Welcome to my stop on Helen Trevorrow’s In The Wake blog tour, with Love Books Tours!

In The Wake tour

Many thanks to Kelly @ Love Books Tours for arranging the following interview with Helen Trevorrow…..

In The Wake author


Helen Trevorrow is a graduate of the 2016 Faber Academy creative writing programme. She studied at Leeds University and has worked in marketing and public relations in London. She is a specialist food and drink PR. Helen’s debut novel IN THE WAKE is a feminist crime thriller about family, unrealised trauma and alcoholism. Helen has ghost-written many articles for newspapers, magazines and websites. She lives in Brighton, Sussex with her wife and child.


Where did/do you get your ideas from?

It has to have a foot in reality, and I have to be able to relate it to my life somehow. Where it progresses from there can be anything but I do like to start with a character. Ideas usually stem from everyday occurrences where you ask, what if? It will take some time for an idea to take hold, and show itself more fully.


Are any of your characters based (however loosely) on anyone you know?

I never write exact versions of people onto the page, but my characters will usually be (what I call) an amalgam – a bundle of two or three people that I know. I may add in a characteristic that is real and a habit of someone else that is close to me. It might be the way that they stand, or fiddle with their hair, or a phrase that they constantly repeat. People never ever recognise their own habits,or any trace of themselves in a story, but many people think (incorrectly) that characters are based on them when they are not.


How do you pick your characters’ names?

I love coming up with names. It takes me a long time and I can get to draft three or four before I get the right combination. I like alliteration and punchy names that stick. I try to avoid putting people off by picking anything too posh or too rough. I like my female protagonists to have a strong one-syllable name. I had one character in In The Wake who was changed shortly before publication, so I certainly think about her as being called something different. If it’s a peripheral character then I don’t name them because I don’t want the reader to be drawn into having a deeper relationship with a named character because the name lends meaning so it is important to get it right.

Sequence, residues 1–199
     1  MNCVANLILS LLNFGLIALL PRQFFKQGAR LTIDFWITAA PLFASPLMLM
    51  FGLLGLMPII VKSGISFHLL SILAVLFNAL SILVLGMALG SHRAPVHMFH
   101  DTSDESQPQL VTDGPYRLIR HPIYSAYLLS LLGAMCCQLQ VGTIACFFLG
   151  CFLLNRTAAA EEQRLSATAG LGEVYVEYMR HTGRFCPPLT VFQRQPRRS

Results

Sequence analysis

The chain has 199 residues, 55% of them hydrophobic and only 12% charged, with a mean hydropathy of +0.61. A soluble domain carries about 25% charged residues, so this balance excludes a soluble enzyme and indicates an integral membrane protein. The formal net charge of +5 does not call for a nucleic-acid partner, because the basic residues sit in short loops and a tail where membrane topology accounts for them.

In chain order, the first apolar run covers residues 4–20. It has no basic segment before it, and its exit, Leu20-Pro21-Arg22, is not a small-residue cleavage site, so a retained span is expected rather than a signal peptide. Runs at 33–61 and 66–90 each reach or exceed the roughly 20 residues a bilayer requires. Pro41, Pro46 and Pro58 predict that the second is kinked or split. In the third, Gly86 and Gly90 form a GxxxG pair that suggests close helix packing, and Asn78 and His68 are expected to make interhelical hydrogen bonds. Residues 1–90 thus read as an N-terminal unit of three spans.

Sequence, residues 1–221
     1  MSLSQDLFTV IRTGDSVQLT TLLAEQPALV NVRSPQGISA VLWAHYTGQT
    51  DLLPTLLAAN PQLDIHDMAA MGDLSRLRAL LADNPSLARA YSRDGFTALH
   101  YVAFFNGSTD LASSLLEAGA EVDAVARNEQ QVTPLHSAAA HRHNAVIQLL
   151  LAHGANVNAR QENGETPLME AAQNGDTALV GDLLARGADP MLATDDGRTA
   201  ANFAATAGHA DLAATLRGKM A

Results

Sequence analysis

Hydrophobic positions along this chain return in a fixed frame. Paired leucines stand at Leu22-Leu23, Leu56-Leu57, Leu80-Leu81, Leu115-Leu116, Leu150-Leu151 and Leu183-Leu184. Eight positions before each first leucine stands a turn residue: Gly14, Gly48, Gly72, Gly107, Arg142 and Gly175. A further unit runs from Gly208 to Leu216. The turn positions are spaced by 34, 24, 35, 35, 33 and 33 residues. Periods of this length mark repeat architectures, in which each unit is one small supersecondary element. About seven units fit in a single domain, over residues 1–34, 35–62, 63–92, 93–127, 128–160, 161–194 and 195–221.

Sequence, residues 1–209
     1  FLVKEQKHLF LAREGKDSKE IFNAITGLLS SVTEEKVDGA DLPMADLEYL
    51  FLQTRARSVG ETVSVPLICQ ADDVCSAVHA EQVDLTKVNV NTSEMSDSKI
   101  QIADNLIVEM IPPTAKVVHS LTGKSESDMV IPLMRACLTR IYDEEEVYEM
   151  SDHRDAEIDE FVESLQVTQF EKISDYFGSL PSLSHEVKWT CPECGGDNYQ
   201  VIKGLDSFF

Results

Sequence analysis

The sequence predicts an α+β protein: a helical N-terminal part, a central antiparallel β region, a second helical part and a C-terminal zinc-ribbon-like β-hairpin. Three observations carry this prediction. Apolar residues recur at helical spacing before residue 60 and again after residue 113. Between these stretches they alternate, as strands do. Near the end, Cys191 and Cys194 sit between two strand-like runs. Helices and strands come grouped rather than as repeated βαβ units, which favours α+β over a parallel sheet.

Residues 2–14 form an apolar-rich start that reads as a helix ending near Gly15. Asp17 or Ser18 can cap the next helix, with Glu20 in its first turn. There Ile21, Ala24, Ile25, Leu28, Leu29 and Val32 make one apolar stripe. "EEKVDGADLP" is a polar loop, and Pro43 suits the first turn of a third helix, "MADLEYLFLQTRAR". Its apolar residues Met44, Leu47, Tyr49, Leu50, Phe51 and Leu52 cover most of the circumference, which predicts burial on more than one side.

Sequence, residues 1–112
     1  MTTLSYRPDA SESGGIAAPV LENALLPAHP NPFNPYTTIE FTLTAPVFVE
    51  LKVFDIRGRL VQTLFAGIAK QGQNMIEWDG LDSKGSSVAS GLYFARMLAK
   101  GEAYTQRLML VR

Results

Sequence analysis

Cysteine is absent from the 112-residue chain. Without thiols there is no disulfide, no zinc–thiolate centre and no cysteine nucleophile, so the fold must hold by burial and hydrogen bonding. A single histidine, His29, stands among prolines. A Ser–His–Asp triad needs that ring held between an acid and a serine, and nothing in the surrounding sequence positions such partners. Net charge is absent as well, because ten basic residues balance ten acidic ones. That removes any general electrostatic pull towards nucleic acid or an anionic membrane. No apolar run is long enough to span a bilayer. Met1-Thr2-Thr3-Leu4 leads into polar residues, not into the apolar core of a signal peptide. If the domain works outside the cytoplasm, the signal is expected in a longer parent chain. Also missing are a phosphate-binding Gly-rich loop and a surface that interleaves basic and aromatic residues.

Can you share your writing process with us, in a nutshell?

My writing style has morphed from an organic process into something that is much more planned. After an initial idea I will start to write from a couple of different points of view and try out the voice. At the same time I will work on the main plot points so I know the overall journey. This will morph into a chunk by chunk detailed plan of action and character. Only then will I start to write properly. It will certainly take a year to write and possibly longer but once I start this phase there is an overwhelming drive to write it all down. I use google docs and write / edit from my pc / laptop and phone. Once I complete a first draft I set it aside for anything up to two months, then read it and make notes, and update plot. I then edit for a few months. At that stage I will let a trusted friend read and critique. This is usually my friend, the author, Dan Dalton. He will give me a critique and I will make further changes. I think of it like cooking; reducing a stock or a sauce; bringing the story down so that what is left is bursting with flavour.


Who are your top 5 favourite authors?

So many great writers that I admire and envy but my favourites are all women: Margaret Atwood, Barbara Kingsolver, Naomi Alderman, Nell Zink and Toni Morrison.


If you could meet any author, who would it be and what would you ask them?